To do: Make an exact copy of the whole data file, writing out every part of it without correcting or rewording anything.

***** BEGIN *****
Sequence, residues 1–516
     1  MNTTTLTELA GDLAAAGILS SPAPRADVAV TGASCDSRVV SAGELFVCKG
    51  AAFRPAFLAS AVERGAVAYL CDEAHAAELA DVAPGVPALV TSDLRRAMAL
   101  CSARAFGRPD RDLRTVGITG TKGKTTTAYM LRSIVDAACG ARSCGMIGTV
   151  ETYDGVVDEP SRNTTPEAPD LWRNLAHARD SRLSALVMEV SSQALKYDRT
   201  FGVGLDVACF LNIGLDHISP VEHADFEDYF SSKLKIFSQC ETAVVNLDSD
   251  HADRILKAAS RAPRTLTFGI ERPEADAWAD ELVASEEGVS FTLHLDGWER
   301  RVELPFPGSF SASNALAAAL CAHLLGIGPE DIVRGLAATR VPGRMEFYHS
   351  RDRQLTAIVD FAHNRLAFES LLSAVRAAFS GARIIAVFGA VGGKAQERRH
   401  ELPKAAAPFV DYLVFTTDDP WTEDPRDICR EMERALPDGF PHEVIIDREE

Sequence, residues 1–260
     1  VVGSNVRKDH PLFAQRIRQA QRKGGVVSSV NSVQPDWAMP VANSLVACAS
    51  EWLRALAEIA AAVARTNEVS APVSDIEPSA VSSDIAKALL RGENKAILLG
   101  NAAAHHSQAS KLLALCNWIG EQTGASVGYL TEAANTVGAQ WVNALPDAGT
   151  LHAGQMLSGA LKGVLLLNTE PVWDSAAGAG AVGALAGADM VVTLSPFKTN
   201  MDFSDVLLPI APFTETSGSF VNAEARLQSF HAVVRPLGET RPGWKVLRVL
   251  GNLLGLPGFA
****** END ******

Sequence, residues 1–516
     1  MNTTTLTELA GDLAAAGILS SPAPRADVAV TGASCDSRVV SAGELFVCKG
    51  AAFRPAFLAS AVERGAVAYL CDEAHAAELA DVAPGVPALV TSDLRRAMAL
   101  CSARAFGRPD RDLRTVGITG TKGKTTTAYM LRSIVDAACG ARSCGMIGTV
   151  ETYDGVVDEP SRNTTPEAPD LWRNLAHARD SRLSALVMEV SSQALKYDRT
   201  FGVGLDVACF LNIGLDHISP VEHADFEDYF SSKLKIFSQC ETAVVNLDSD
   251  HADRILKAAS RAPRTLTFGI ERPEADAWAD ELVASEEGVS FTLHLDGWER
   301  RVELPFPGSF SASNALAAAL CAHLLGIGPE DIVRGLAATR VPGRMEFYHS
   351  RDRQLTAIVD FAHNRLAFES LLSAVRAAFS GARIIAVFGA VGGKAQERRH
   401  ELPKAAAPFV DYLVFTTDDP WTEDPRDICR EMERALPDGF PHEVIIDREE

Sequence, residues 1–260
     1  VVGSNVRKDH PLFAQRIRQA QRKGGVVSSV NSVQPDWAMP VANSLVACAS
    51  EWLRALAEIA AAVARTNEVS APVSDIEPSA VSSDIAKALL RGENKAILLG
   101  NAAAHHSQAS KLLALCNWIG EQTGASVGYL TEAANTVGAQ WVNALPDAGT
   151  LHAGQMLSGA LKGVLLLNTE PVWDSAAGAG AVGALAGADM VVTLSPFKTN
   201  MDFSDVLLPI APFTETSGSF VNAEARLQSF HAVVRPLGET RPGWKVLRVL
   251  GNLLGLPGFA